Karen Sykes

in Anthropology

Published online June 2016 | | DOI:

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The anthropology of value differs from its study in economics and philosophy. It can be said that these disciplines compete to create universal theories of value that exclude or reconcile contradictory evidence to them. By contrast, the anthropologist’s aim is to understand value in its many particular forms, as grounded in discrete places and times. A primary aim of anthropological theories of value is to repose the question of what value is, by embracing the complexity of ethnographic accounts of value. The legacy of anthropological research that raises “the value question” is distinguished by at least three features. One is the recognition of cultural differences in judging value. The second is the analysis of commensurability of expert with common sense definitions, and the third is the capacity of the theory to embrace logical contradictions, rather than deny these. Anthropological scholarship that recognizes value theories as common knowledge or “common-place” theorizing, or as culturally distinct theories of value highlights informants’ explanations, which are often expressed in vernacular terms, idioms, and phrases, or even apocryphal stories. Whether value is defined as a quality of a thing or person, or as a measure of that quality, the etymology of the word value in the English language alone shows the range of its usage, including its disparate connotations from the deep past into the present, or the many different ways of measuring what is valued in specific social settings. This article lists the most comprehensive and insightful general overviews of the anthropology of value; followed by classic ethnographic studies of value before turning to the legacy of philosophical discussions of value in anthropology; its role in the founding of social science; its branches into political economy, moral economy, and material culture; and as a key point of discussion in modernity theory. The final sections distinguish the French critique of value as a central concept in the comparative method, the American critique of modernity theory’s ethnocentric definition of value, and the new pathways for a Post-Crash revision of value theory in a new moral economy.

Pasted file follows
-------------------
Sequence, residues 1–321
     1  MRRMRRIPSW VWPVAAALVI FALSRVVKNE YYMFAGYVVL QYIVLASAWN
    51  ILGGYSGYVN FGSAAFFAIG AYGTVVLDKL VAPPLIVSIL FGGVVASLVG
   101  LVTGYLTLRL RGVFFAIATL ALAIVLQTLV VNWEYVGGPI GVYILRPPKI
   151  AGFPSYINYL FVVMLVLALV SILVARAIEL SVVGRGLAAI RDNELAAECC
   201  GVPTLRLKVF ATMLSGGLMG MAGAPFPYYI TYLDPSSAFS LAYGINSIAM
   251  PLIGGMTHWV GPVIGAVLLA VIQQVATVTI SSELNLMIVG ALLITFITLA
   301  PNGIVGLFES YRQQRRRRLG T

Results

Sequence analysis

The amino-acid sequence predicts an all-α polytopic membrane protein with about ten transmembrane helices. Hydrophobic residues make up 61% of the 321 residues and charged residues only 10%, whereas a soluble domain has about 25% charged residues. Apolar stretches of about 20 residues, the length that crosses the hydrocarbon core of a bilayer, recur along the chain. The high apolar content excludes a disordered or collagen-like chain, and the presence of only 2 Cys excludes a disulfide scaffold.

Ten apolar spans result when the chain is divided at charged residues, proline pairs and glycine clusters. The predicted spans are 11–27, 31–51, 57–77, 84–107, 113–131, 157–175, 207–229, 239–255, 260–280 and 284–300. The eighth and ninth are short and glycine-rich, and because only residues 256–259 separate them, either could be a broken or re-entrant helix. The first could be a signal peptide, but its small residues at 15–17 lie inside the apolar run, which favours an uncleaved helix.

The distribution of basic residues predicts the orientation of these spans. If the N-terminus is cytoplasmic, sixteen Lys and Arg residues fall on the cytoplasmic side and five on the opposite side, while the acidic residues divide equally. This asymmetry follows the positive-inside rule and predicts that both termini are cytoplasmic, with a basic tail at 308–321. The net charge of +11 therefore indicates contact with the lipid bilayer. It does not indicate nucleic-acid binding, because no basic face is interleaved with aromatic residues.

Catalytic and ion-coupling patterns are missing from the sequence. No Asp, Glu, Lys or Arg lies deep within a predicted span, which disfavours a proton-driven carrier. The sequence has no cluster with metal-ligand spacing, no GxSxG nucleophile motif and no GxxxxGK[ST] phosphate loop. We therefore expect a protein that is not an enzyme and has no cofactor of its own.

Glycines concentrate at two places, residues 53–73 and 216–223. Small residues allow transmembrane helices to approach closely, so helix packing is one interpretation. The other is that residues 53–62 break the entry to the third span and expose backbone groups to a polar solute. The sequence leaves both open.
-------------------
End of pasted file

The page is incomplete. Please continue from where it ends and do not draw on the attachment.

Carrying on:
Article.  8826 words. 

Subjects: Anthropology ; Human Evolution ; Medical Anthropology ; Physical Anthropology ; Social and Cultural Anthropology

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